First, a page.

New requirement for asbestos lawsuits passes House

Residents of North Carolina who have been made ill due to asbestos exposure may be concerned to hear that a bill imposing additional requirements on victims suing for asbestos exposure has just passed the North Carolina House Judiciary Committee. This proposed legislation raises concerns for asbestos victims, who may have a more difficult time obtaining compensation if the bill becomes law.

As discussed in a previous post, asbestos trust funds allow companies that are responsible for victims’ asbestos-related diseases to compensate asbestos exposure victims despite claiming bankruptcy. Asbestos exposure victims are then able to avoid lengthy litigation by filing a trust fund claim and receiving compensation from the trust’s reserves based on the type of disease they have and the amount of money the trust is able to provide.

Senate Bill 470 would require those engaging in asbestos litigation to research the companies’ bankruptcy trust funds, file claims through those funds and disclose the funds in their lawsuit. Compensation from the lawsuit could then be delayed pending completion of the trust fund process.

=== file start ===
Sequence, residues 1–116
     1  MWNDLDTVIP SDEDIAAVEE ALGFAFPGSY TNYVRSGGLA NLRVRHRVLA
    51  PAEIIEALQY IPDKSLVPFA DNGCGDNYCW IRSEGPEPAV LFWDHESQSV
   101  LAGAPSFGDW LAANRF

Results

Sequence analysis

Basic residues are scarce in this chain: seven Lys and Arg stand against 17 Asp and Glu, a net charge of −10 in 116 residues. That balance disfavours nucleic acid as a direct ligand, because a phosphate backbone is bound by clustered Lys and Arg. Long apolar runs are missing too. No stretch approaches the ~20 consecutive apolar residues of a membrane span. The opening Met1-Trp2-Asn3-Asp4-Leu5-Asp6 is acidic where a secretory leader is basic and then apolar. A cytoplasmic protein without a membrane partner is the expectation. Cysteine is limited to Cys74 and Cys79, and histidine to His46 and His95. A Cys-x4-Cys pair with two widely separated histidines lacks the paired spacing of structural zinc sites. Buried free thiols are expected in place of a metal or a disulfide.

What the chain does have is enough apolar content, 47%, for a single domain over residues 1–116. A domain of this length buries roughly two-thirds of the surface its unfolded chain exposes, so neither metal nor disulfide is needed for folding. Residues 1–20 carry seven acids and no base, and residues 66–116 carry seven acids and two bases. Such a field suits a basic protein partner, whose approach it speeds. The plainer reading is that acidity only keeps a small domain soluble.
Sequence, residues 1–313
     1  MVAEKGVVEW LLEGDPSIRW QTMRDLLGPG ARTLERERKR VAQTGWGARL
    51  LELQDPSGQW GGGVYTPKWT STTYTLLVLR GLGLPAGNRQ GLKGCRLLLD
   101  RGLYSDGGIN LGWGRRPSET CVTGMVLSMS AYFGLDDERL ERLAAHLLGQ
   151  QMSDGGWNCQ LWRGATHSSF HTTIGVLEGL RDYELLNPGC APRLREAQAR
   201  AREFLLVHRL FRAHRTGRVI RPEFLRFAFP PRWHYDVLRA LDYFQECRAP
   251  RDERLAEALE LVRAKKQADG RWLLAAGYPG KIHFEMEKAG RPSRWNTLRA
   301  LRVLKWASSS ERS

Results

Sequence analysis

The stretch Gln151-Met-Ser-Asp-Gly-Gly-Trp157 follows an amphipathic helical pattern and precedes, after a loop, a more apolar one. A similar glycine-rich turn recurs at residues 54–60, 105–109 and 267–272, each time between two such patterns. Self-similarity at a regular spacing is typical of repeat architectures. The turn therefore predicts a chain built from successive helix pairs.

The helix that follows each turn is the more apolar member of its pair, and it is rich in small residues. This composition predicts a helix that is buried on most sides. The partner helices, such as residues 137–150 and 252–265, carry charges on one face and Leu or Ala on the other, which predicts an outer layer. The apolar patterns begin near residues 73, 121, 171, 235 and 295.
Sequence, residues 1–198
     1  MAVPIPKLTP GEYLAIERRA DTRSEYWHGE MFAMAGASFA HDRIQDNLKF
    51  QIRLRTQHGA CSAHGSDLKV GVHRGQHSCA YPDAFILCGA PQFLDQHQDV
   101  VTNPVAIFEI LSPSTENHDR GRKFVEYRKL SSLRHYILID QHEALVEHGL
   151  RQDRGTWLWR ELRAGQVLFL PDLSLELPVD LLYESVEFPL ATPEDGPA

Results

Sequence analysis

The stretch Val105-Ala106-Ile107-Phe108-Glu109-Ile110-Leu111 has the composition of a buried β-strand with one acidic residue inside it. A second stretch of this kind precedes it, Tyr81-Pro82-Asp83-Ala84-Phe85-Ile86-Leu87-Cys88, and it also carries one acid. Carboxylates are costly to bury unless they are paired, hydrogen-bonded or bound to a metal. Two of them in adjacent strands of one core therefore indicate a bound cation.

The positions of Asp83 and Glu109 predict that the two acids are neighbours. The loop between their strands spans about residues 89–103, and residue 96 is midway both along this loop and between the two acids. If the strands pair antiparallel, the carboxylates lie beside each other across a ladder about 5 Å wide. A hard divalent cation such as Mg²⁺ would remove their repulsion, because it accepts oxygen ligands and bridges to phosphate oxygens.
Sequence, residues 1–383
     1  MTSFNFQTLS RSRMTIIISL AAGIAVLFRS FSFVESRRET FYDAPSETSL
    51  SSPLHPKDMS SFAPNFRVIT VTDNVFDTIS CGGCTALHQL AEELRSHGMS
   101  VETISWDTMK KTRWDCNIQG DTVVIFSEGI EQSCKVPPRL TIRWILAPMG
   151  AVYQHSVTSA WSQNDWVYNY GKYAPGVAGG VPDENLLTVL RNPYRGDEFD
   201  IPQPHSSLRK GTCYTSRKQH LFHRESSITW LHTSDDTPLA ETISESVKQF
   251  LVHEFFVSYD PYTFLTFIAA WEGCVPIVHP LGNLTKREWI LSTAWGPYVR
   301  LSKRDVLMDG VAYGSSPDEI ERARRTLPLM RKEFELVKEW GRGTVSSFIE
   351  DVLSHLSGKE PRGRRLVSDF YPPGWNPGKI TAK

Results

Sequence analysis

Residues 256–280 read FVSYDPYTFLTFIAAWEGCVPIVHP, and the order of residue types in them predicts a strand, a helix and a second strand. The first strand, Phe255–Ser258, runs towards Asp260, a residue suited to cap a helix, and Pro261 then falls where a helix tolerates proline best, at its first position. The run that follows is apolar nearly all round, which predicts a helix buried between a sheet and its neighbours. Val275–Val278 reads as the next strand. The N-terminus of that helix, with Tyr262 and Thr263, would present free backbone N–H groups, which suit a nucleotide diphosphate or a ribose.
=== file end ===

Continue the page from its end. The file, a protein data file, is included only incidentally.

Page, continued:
Proponents of the bill argue that the trust fund money is there for victims who do not know they have asbestos-related diseases yet and that these limited reserves should not be depleted by those who are already receiving compensation from the companies directly through litigation.

Opponents of the bill emphasize the lengthy delays in payouts which could literally be the difference between life and death for those with asbestos-related diseases. One representative gained support for her suggestion to remove a provision in the bill that proposed reducing litigation payouts based on the amount “reasonably expected” to be paid by the trust fund, a standard she argues is vague and unfair.

It remains to be seen how the North Carolina House will vote on the changes to the bill, and if the bill will pass the Senate. If the legislation does become law, it will affect everyone involved in asbestos litigation — both those with asbestos-related diseases and the companies responsible.

Source: The News & Observer, “New requirements for asbestos victims who sue companies pass NC House panel,” Colin Campbell, May 23, 2017